When Pope St. Paul VI reformed the Church’s calendar, one of the things he did was restore the solemnity of the Blessed Virgin Mary, Mother of God, back to Jan. 1. This was the more ancient day for this feast, connecting it closely as the culminating celebration of the birth of Jesus Christ. The veneration of Mary is vital, Pope Paul VI says, because it is an extension of our veneration of Jesus (Marialis Cultus, No. 5). We would not have Christmas Day were it not for the virginal motherhood of Mary, and therefore if we want to properly celebrate the feast of the birth of Jesus, we must also give thanks and due honor to his mother, Mary.
Pope St. Paul VI chose to restore this solemnity to Jan. 1 not only for its close ties with the Nativity, but also because it was an ancient Roman tradition to celebrate the motherhood of Mary on Jan. 1. In addition to this, Pope Paul also sees it as fitting as culminating the Christmas octave on the first day of the new year, thereby entrusting the new year to the maternal care of Mary.
Yet, it is this last point about New Year’s, as well as the seeming burden of going to Church four times in eight days, that often this great solemnity gets ignored. Pastors, for example, often offer less Masses for this day, not because they don’t want people to come, but because the numbers are often significantly lower that it doesn’t warrant the efforts to put all the ministries together to make Mass possible.
Of all the holy days of obligation, it seems to be the least observed and the least known to be a holy day of obligation. Yet, this great solemnity ought to be embraced by us by attending the celebration of the Mass on this day and marking it in a special way. By doing so, we will come to a deeper love for Mary, her Son and the Church.
The eighth day
The solemn celebration of Mary’s motherhood occurs on the eighth day of the Octave of Christmas. Octaves have a special place in the life of the Church because they symbolize the extension of the feast: It is too big an event to simply reduce to one day. The number eight symbolizes the new creation, begun on the first day of the week, Sunday, after the seventh day of the old creation, Saturday. By marking liturgically the celebration of a particular feast with eight days, we are saying in a special way that it is a saving time in the Church, that we are mysteriously participating in Jesus’ saving activity. The birth of Jesus is itself the beginning of our salvation, and over these eight days especially, the mystery of that celebration is extended.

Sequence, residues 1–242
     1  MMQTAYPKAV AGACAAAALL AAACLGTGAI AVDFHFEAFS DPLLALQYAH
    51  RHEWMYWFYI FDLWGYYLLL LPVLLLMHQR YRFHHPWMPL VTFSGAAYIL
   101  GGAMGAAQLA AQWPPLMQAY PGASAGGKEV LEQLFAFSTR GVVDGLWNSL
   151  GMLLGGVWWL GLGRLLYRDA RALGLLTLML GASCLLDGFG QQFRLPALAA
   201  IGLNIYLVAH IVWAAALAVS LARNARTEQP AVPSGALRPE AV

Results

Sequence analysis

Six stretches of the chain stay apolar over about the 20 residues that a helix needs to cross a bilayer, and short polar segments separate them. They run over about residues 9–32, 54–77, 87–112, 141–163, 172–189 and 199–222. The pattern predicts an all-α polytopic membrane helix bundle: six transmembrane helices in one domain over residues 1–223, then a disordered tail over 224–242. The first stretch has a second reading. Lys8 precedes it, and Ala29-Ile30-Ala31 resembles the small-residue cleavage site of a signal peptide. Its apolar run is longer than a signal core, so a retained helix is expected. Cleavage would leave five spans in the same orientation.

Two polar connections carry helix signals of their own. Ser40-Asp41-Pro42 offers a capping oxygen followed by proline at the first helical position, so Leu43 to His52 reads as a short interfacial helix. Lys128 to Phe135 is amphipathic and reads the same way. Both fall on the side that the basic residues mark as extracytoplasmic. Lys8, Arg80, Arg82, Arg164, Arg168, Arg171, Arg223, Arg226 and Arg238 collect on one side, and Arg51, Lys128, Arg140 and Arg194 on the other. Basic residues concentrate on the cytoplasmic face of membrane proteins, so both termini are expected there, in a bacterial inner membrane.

The eighth day is the new creation. The new Adam comes to us on the first day of this saving time, and the new Eve is celebrated at the end. Without the Savior, there would be no mother, but without the mother, there would be no Savior. They depend upon each other. This is why it’s fitting that Mary is celebrated for her cooperation with the Incarnation, just as the Incarnation is what makes the sinless virgin possible in the first place. By celebrating Mary’s motherhood, then, we are completing the more festive celebration of the birth of Jesus. Just as when a mother gives birth to a newborn, friends and family look tenderly at the newborn, but show care and service to the new mother, so it is to a greater degree with Jesus and his mother, Mary.
Mother of the Son of God
The next reason this feast becomes so important is that motherhood is deeply tied to our humanity. It is in the womb of a mother that a child is conceived, grows and is given life. So much of what the child is and has comes from his or her mother. The lived biological closeness between mother and child creates a special bond that lasts for their whole lives.